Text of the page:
85,000 H-1B Temporary Visas are made available each year. Unfortunately there are never enough visas to supply all the workers who want them – and once the limit is reached, no more H-1B visa petitions can be approved until the start of the next fiscal year, October 1. USCIS will randomly pick the 85,000 petitions via a lottery system.
Please note: not all 85,000 are freely available. 20,000 are reserved for people with a minimum Master’s level degree from a US academic institution. And of the remaining 65,000 a certain number are earmarked for Chile and Singapore – which both have signed trade agreements with the US allocating H-1B visas to citizens of those countries. Back to H-1B FAQs
Yes. H-1B workers who are employed by or have a job offer from institutes of higher education (and their non-profit affiliates); as well as non-profit research or government organizations. Back to H-1B FAQs
The H1B visa is a nonimmigrant visa granted for an initial 3 years and up to 6 years (with possibility of extensions under specific circumstances) to foreign nationals who will engage in “specialty occupations,” defined as a position that requires one of the following:
For the purposes of an H-1B visa, a ‘specialty occupation’ is a position that requires one of the following:
Yes. When you qualify for an H-1B visa, your spouse and our unmarried children under age 21 can apply for H-4 visas by providing proof of their family relationship to you. Back to H-1B FAQs
Yes. With an H-4 visa they can study in the US. Back to H-1B FAQs
No. They are not authorized to work in the US as an H-4 visa holder. Back to H-1B FAQs
Generally six years. As an H-1B Visa holder, you may be admitted for a period of up to three years. This can be extended for another three years. After that time, you must remain outside of the United States for one year before another H-1B visa petition can be approved. (Certain H-1B visa holders working on Defense Department projects may remain in H-1B status for 10 years.)
However, if you have a labor certification (PERM) or I-140 Petition for Immigrant Worker pending for over 365 days, you may obtain a one year extension beyond the six year limit until a decision is made on your PERM or I-140 Petition. Additionally, if your I-140 Petition has already been approved but your priority date is not yet current (immigrant visa is not available to you), you may apply for a three-year extension of your H-1B status. Back to H-1B FAQs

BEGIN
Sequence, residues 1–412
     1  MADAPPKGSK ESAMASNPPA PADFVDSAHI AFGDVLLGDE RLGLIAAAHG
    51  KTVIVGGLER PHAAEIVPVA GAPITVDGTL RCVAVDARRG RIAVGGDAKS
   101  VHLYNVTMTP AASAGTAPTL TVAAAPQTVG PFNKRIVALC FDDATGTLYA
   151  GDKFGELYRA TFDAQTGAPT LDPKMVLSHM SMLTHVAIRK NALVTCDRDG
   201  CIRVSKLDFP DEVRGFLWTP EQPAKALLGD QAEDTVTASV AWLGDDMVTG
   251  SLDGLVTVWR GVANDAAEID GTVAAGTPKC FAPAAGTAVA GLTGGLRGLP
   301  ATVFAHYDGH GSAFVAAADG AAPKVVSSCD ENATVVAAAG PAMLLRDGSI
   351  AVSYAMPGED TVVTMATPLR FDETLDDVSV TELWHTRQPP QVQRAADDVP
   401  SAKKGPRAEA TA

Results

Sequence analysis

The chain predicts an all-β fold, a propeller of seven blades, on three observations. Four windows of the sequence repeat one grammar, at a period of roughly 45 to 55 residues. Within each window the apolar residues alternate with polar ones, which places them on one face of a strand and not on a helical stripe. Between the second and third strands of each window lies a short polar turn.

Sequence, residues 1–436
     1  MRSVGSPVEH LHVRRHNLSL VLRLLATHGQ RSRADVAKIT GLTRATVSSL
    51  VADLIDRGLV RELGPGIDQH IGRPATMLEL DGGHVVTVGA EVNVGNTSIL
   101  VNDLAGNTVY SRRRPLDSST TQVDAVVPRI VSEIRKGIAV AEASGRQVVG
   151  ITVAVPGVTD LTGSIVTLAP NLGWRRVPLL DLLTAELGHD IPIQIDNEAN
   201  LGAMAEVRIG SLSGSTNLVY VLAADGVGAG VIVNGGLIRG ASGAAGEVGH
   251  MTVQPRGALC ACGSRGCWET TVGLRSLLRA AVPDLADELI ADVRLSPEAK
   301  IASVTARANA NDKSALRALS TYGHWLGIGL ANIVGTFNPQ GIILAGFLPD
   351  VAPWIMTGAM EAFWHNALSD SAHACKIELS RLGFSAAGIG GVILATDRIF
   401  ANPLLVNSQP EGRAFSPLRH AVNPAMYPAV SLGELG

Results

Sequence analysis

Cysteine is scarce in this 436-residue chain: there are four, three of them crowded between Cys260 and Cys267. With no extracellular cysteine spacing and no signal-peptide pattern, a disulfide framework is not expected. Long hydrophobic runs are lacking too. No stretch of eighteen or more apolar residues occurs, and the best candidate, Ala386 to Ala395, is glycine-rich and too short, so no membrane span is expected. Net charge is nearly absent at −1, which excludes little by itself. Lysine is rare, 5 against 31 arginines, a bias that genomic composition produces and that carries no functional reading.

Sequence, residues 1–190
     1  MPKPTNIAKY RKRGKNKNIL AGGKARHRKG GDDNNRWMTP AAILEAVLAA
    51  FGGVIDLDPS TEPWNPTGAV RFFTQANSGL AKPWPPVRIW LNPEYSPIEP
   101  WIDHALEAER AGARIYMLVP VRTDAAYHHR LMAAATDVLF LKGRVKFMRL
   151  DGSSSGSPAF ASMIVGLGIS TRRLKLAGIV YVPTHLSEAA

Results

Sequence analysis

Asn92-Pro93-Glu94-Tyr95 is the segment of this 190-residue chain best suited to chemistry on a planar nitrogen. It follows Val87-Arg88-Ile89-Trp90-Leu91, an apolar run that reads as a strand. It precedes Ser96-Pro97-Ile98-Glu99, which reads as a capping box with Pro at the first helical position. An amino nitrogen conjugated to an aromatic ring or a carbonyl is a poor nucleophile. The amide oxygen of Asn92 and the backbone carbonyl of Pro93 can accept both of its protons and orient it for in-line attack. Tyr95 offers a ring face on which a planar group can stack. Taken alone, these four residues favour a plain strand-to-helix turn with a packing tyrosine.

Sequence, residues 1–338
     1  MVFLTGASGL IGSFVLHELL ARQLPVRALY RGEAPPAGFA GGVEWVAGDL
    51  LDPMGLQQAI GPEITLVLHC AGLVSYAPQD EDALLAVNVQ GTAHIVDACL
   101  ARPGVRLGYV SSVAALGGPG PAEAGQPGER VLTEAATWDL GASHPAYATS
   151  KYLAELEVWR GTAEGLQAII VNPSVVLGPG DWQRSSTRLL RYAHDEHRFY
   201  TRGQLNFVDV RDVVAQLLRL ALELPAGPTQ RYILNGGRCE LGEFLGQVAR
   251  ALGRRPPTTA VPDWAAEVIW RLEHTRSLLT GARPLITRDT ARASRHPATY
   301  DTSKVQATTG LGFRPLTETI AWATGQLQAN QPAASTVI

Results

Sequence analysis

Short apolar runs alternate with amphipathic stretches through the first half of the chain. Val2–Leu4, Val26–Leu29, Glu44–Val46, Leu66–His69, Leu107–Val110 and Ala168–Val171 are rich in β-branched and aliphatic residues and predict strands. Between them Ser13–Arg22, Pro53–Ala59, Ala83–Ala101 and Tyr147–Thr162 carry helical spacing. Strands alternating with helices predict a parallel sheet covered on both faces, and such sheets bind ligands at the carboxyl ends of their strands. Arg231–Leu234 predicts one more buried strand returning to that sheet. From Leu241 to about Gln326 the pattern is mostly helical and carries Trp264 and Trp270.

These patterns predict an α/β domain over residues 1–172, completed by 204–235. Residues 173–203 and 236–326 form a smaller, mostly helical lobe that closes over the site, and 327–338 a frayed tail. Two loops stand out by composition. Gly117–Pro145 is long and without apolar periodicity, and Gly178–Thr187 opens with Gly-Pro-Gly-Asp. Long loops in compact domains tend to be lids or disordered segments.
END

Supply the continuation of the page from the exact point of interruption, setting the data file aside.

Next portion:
Yes. Even though it is a Non-immigrant visa, the H-1B is a ‘dual-intent visa’. This means that the visa holder can have legal immigration intent (apply for and obtain a green card) without affecting their H-1B status. You can get a green card through family or employer sponsorship. Our Immigration Law Firm in Orlando can provide advice and assistance every step of the way and help you settle into your new life in the United States. Back to H-1B FAQs
The visa process is initiated by the employer of the future H1B visa holder, who will have to file for a Labor Condition Application (LCA) with the Department of Labor (except for future H-1B engaging work for Department of Defense), before applying for the H1B Visa on behalf of the future employee.
In order to obtain this Labor Condition Application, the employer must prove that the future employee will be paid no less than the wage paid to similarly qualified workers, and that this employee will be provided working conditions that will not adversely affect other similarly employed workers... Read MoreBack to H-1B FAQs
The H-1B visa processing time varies because all cases are different. Your employer can submit the Labor Condition Application up to six months before you plan to start work and H-1B petitions are normally approved within two to five months. In most cases, the H-1B petition may not be filed before April 1st, for a start-date of employment of October 1st. Back to H-1B FAQs
Yes, it is possible to speed up the process for an H-1B visa. For $1225 over and above the standard filing fees, USCIS promises “premium processing” of the visa petition, including action on your case within 15 calendar days. Back to H-1B FAQs
Yes. You may travel in and out of the US or remain continuously until your H-1B status expires. Back to H-1B FAQs